The war over immigration reform among conservatives continues, and, as in most wars, truth has been one of the first casualties.
Those who disagree with the hardening positions of people who would adopt more restrictive policies or with people who favor less restrictive measures are attacked as know-nothings, traitors or handmaidens of evil forces out to destroy the America we live in.
Many conservatives reacted angrily to the way the Bush administration tried to demonize opposition to the president’s quasi-amnesty and guest-worker proposals when they were first introduced. Critics at the time were characterized as racists or “nativists” more interested in trashing Mexicans than in a rational approach to immigration reform. Rep. Tom Tancredo (R) of Colorado was semipublicly horsewhipped by White House officials and told never again to darken the president’s door.
It was a foolish way to begin an important debate and was quickly abandoned, as even the most ardent supporters of the Bush approach realized that the critics were speaking for millions of Americans who were troubled by the president’s plan. Since then, while sticking to its guns in advocating what it likes to call a “comprehensive” solution to the immigration problem, the administration has moved border security up as the first and most important element of any plan.
The problem is that rhetoric won’t do it, for the simple reason that, having been there and done that in 1986, people want to see results. Whether they might support other elements of a “comprehensive” plan, that support won’t materialize until they see evidence of a real commitment to gain control of our borders.
As the debate opened several years ago, those seeking more restrictionist or rational policies were unequivocal in acknowledging the importance of legal immigration and rejected as farcical the charge that what they really want are not secure but closed borders and a massive national effort to round up the illegals here today and send them packing. But positions have hardened in the days since.
I count myself among those who believe that we must first secure our borders and that we should make it uncomfortable for those here illegally to work or take advantage of the perks that go with being a U.S. citizen. I oppose nonresident tuition for their children and would change the law so that those born of illegals on U.S. soil wouldn’t automatically become eligible for citizenship. I support strong employer sanctions, and I oppose the sort of amnesty proposed by Sen John McCain (R-Ariz.).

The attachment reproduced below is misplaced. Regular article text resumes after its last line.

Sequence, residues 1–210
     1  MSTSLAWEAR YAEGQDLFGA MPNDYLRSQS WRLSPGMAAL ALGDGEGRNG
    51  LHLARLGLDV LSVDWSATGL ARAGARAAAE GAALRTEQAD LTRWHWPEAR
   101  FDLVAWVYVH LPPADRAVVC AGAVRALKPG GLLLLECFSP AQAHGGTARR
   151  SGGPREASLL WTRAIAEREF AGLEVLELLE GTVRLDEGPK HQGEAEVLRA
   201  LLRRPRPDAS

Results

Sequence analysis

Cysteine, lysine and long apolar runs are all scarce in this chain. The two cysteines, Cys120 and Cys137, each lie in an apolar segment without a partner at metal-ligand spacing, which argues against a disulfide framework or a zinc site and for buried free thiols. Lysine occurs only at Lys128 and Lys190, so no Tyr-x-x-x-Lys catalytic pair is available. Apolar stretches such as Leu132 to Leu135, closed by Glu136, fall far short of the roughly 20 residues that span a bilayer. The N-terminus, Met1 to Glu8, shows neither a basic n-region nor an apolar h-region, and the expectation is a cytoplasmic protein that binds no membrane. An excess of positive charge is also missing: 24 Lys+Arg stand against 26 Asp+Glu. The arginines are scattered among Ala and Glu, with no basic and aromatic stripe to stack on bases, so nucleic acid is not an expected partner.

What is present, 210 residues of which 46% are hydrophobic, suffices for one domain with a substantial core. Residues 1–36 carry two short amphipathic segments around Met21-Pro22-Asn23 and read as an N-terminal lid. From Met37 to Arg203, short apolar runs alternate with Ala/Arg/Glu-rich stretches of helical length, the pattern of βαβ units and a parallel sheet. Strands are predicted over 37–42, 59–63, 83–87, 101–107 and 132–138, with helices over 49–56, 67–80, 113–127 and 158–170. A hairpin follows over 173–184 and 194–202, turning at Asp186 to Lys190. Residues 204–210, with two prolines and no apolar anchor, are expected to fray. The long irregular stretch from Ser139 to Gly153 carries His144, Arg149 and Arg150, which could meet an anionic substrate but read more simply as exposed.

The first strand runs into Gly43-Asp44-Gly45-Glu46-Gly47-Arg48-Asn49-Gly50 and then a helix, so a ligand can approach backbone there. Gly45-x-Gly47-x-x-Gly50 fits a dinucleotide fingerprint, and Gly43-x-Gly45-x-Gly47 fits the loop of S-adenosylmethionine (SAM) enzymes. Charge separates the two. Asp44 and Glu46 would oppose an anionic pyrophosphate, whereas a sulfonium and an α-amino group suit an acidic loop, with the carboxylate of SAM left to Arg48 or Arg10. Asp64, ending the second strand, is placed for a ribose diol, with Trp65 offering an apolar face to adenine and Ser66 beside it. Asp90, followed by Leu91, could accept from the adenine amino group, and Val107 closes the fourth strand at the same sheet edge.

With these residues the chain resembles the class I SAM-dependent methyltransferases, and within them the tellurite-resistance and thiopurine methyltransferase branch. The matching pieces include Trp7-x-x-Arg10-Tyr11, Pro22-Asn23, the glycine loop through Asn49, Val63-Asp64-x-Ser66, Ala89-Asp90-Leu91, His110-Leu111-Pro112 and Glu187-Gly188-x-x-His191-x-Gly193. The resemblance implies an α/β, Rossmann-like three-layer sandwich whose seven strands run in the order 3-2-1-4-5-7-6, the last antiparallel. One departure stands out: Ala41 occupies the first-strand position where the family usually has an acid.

At the same time, I recognize, as do most Americans, that we benefit from legal immigration and should continue to serve as a beacon to those seeking a better life because in doing so they can improve our lives as well as their own. The problem is not where immigrants come from but whether we require those seeking citizenship to learn and commit to what it means to be an American and whether we welcome those we need without overwhelming our ability to assimilate or absorb them.
The vehemence of the recent attack on Rep. Mike Pence (R-Ind.) for trying to come up with a plan that would mandate border security first, impose heavy sanctions on employers who hire illegals and require them to leave the country if they ever hope to work here legally shocked me. Tom Tancredo attacked Pence before he could know what was in the plan, Pat Buchanan says that his disagreement with him and his friends signals the end of Pence’s career, and some of Pence’s colleagues whom he counts among his strongest friends and supporters are looking at him these days as if he’s some sort of traitor.
Actually, that’s exactly what Buchanan thinks he is; a traitor to the “cause” and a part of the secret plan to grant amnesty to illegals. Those of us who actually had kind things to say about Pence’s approach were cited in his attack as indicators that “the fix is in.”
Pence’s approach is not perfect, and he has been modifying it to answer legitimate substantive criticism. That’s the way things are supposed to work. It’s the way serious public figures go about the business of solving problems and developing sound public policy.
It’s too early to say whether Pence’s willingness to tackle one of the most serious and politically dangerous policy questions facing the nation from a conservative perspective will lead to an acceptable solution, but, unlike many of his critics, Mike Pence must be counted among Washington’s most serious public figures.
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